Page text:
Date Published: February 1, 2017
Publisher: Public Library of Science
Author(s): Olivier Girard, Franck Brocherie, Jean-Benoit Morin, Sébastien Racinais, Grégoire P. Millet, Julien D. Périard, Øyvind Sandbakk.
Examine the mechanical alterations associated with repeated treadmill sprinting performed in HOT (38°C) and CON (25°C) conditions.
Eleven recreationally active males performed a 30-min warm-up followed by three sets of five 5-s sprints with 25-s recovery and 3-min between sets in each environment. Constant-velocity running for 1-min at 10 and 20 km.h-1 was also performed prior to and following sprinting.
Mean skin (37.2±0.7 vs. 32.7±0.8°C; P<0.001) and core (38.9±0.2 vs. 38.8±0.3°C; P<0.05) temperatures, together with thermal comfort (P<0.001) were higher following repeated sprinting in HOT vs. CON. Step frequency and vertical stiffness were lower (-2.6±1.6% and -5.5±5.5%; both P<0.001) and contact time (+3.2±2.4%; P<0.01) higher in HOT for the mean of sets 1–3 compared to CON. Running distance per sprint decreased from set 1 to 3 (-7.0±6.4%; P<0.001), with a tendency for shorter distance covered in HOT vs. CON (-2.7±3.4%; P = 0.06). Mean vertical (-2.6±5.5%; P<0.01), horizontal (-9.1±4.4%; P<0.001) and resultant ground reaction forces (-3.0±2.8%; P<0.01) along with vertical stiffness (-12.9±2.3%; P<0.001) and leg stiffness (-8.4±2.7%; P<0.01) decreased from set 1 to 3, independently of conditions. Propulsive power decreased from set 1 to 3 (-16.9±2.4%; P<0.001), with lower propulsive power values in set 2 (-6.6%; P<0.05) in HOT vs. CON. No changes in constant-velocity running patterns occurred between conditions, or from pre-to-post repeated-sprint exercise. Thermal strain alters step frequency and vertical stiffness during repeated sprinting; however without exacerbating mechanical alterations. The absence of changes in constant-velocity running patterns suggests a strong link between fatigue-induced velocity decrements during sprinting and mechanical alterations.
Accelerating over short distances is crucial in many team sports, where short-duration efforts (e.g., accelerated runs over 10–30 m or 3–5 s) are commonplace . This is in turn associated with important moments in a game, such as gaining an advantage over an opponent or creating scoring opportunities. During football match play for instance, a straight sprint is most often observed prior to a goal being scored . The ability to maintain sprint performance as maximal or ‘all out’ efforts are repeated (i.e., repeated-sprint ability) during a game is thereby crucial for athletes engaged in these disciplines.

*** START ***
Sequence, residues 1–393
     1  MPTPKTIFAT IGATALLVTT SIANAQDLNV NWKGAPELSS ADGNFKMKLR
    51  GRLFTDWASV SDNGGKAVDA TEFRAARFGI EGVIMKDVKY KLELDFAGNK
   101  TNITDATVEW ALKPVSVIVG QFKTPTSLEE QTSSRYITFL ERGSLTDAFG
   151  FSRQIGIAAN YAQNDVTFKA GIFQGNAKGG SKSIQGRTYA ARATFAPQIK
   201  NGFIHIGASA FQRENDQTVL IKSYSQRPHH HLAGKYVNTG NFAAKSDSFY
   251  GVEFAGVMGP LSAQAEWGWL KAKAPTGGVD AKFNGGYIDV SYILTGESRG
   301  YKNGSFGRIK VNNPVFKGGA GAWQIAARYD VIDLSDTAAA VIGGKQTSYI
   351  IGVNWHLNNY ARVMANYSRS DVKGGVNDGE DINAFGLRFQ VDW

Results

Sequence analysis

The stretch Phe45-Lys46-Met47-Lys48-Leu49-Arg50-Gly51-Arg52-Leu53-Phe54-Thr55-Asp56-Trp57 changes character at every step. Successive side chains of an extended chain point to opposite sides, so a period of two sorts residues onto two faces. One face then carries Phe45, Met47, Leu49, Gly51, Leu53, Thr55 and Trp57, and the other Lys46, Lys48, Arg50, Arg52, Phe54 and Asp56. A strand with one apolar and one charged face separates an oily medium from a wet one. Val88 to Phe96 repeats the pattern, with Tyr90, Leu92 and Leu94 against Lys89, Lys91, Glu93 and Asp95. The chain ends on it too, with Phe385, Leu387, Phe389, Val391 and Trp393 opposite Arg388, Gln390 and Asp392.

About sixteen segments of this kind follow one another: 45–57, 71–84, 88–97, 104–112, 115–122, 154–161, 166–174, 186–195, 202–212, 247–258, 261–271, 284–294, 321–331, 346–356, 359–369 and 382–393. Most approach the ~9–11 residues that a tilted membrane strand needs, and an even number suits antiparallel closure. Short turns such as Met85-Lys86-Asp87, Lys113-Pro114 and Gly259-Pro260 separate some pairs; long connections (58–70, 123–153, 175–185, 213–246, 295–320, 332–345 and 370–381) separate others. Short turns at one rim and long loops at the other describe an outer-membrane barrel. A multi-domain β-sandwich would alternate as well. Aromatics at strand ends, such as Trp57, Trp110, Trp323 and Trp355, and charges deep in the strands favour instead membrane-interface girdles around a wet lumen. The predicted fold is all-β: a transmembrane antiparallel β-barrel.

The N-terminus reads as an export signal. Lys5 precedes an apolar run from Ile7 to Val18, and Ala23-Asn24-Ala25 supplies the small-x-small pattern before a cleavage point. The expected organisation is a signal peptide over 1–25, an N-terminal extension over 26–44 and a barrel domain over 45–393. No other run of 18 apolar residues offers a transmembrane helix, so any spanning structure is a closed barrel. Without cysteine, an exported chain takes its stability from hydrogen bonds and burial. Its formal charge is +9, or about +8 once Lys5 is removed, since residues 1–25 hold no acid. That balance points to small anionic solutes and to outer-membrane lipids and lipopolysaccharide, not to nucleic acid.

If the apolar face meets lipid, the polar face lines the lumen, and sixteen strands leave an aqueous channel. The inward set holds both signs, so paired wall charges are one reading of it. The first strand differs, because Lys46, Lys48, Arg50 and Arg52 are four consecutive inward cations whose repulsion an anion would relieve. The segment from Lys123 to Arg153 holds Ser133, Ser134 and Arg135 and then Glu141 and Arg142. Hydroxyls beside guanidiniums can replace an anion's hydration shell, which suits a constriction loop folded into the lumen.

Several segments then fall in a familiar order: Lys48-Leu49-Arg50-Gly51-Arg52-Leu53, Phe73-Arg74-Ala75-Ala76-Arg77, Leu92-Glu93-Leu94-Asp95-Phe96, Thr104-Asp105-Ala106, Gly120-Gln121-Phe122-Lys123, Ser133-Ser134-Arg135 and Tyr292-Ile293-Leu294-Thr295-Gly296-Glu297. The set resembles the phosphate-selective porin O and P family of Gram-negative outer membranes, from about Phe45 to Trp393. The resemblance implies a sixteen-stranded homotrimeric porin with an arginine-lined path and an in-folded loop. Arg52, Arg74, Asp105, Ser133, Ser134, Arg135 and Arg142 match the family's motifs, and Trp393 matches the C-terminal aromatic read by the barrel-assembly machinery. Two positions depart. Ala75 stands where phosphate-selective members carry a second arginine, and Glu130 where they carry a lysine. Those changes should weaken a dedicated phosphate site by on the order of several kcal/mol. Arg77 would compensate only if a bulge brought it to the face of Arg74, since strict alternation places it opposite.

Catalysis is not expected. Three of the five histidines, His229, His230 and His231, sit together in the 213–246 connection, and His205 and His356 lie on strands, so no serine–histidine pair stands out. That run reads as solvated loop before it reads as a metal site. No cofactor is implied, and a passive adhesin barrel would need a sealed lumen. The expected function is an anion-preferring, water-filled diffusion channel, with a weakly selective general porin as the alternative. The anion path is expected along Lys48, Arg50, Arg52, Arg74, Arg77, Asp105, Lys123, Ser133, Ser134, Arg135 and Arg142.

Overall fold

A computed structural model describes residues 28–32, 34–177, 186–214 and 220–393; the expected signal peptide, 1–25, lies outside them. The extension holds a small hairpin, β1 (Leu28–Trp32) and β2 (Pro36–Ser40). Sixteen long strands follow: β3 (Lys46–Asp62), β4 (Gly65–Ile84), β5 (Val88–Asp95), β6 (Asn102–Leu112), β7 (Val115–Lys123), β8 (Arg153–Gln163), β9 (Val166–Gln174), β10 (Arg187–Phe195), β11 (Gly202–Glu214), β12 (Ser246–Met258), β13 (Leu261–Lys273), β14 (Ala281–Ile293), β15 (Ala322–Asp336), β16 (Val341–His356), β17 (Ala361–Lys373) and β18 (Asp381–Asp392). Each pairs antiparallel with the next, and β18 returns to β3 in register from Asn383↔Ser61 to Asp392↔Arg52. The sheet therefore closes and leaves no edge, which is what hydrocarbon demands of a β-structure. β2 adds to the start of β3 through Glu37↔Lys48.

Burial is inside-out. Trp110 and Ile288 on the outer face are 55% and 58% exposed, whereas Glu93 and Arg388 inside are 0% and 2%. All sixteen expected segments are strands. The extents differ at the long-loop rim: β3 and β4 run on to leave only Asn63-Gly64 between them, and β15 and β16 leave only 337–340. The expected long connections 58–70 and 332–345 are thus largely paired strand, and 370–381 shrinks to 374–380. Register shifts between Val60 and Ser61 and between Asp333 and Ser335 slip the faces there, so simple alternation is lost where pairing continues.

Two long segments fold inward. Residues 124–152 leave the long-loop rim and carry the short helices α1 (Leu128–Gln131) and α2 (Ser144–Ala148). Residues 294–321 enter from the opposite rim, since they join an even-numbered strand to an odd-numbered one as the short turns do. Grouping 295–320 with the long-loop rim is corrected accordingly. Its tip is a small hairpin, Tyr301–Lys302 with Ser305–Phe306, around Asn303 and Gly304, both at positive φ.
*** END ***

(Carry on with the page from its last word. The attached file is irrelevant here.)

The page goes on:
Although there is compelling evidence to suggest that compared to temperate conditions, larger performance decrements occur when repeated sprints are undertaken in hot environments due to the development of hyperthermia , the mechanical causes underlying these decrements are not completely understood. In the current study, the nature and the extent of fatigue-induced alterations in running mechanics during multiple-set RSE performed with and without environmental heat stress were examined for the first time. The major findings are that greater thermal (i.e., core and skin temperature) and perceptual strain during RSE under heat stress is associated with decrements in propulsive power, step frequency and vertical stiffness, along with longer contact time; however, running mechanical alterations induced by sprint repetitions were in general not more pronounced in hot compared with cooler ambient conditions. Furthermore, low and high constant-velocity running patterns displayed no pre-to-post RSE changes in either condition.
In summary, higher thermal and perceptual strain during multiple-set RSE under heat stress is associated with decrements in propulsive power, step frequency and vertical stiffness, along with longer contact time. However, running mechanical alterations induced by sprint repetitions were in general not more pronounced in hot compared with cooler ambient conditions. Moreover, completion of multiple-set RSE did not influence 1-min low and high constant-velocity (i.e., 10 and 20 km.h-1) running patterns. The absence of changes in constant-velocity running patterns therefore suggests a strong link between fatigue-induced velocity decrements during sprinting and mechanical alterations. While these results shed light on the biomechanical manifestation of fatigue when athletes repeatedly sprint at their maximum under heat stress, additional studies are needed to demonstrate how to improve RSE tolerance and optimize performance when competing in a hot environment. Given the preponderant role of cardiovascular and perceptual strain on performance and mechanical alterations, future studies should consider RSE inducing heavier thermal strain and the impact of potential countermeasures (e.g., pre-cooling, acclimation) aimed at mitigating its influence.